The Web site for the U.S. national team players' association sets out 11 issues that Major League Soccer needs to tackle in an editorial well worth reading in full.
The list starts with
player relations and pay, the league not having done "even the little things that a front office worker would expect" for its players. Then there's the time-line for future expansion, a move that
could be "as much of a negative as a positive. How is the League prepared to deal with the basic issues around expansion that everybody remotely interested in the League is already discussing?"
Issue three is the calendar, with the current fixture burden of D.C. United and Houston in the Concacaf Champions League proof that "the League failed to act before this became such an
obvious issue." There's the overall problem of poor officiating, and then the vagaries of the player development system, pointed up recently in the U.K. media by departed L.A. coach Ruud Gullit. A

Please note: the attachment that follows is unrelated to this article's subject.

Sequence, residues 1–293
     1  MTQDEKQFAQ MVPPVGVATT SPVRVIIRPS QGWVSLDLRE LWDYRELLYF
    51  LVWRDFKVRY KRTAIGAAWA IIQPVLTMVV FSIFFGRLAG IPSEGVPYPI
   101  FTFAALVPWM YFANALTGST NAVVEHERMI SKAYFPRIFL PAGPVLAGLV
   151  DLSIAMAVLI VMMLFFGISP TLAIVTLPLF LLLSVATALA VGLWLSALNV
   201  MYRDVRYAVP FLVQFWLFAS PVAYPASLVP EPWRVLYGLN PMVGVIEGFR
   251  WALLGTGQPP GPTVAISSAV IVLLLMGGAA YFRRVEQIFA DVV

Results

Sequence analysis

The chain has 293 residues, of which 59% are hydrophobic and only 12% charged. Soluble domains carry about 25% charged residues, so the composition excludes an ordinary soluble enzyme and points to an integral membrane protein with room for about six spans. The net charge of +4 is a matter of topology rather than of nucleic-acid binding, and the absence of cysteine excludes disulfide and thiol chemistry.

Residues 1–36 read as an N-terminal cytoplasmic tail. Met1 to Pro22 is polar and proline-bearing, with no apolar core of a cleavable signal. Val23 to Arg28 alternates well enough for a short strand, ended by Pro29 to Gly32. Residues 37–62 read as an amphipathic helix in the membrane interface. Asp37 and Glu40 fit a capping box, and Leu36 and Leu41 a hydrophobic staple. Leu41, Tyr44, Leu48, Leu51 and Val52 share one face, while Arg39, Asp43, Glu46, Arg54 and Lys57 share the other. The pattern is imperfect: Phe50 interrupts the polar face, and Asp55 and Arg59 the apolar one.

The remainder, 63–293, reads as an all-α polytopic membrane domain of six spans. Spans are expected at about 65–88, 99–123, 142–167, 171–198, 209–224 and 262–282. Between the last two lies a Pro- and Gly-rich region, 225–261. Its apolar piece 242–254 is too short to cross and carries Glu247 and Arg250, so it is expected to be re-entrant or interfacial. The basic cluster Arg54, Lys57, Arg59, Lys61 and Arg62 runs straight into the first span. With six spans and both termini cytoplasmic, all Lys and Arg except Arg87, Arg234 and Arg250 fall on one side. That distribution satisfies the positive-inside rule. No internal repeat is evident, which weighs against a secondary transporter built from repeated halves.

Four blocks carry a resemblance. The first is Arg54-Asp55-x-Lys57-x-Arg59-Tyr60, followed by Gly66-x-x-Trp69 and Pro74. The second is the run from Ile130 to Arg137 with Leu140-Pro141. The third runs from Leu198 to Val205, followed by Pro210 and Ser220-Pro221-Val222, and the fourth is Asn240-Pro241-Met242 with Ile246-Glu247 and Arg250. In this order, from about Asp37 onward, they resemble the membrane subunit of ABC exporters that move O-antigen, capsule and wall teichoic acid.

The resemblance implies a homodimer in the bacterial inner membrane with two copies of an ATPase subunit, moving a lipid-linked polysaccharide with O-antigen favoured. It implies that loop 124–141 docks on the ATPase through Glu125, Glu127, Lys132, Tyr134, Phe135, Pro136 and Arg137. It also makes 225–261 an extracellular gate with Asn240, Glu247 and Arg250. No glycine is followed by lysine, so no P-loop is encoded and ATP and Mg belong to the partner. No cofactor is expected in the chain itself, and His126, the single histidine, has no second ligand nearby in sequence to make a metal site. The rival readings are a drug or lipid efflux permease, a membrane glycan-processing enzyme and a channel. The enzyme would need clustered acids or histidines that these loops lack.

team develops a player, only to lose him before he's played a senior game.
There's the inherent conflict of interest in the MLS marketing arm, Soccer United Marketing, promoting events that
rival MLS. There are the Kansas City Wizards, "playing in an independent league baseball stadium while trying to make a project bigger than just a soccer-specific stadium a reality." And there's the
question of Canada. If so many owners are willing to buy into Canadian expansion franchises, "why isn't there a Canadian first division?"
The list is rounded off by Sunil Gulati's dual
role as both US Soccer Federation and New England president; player movement to Europe and "a feeling that even marginal American talent should be over there"; and the forthcoming close attention of
FIFA to a possible 20-team MLS and the league's disregard of the international calendar. Discuss.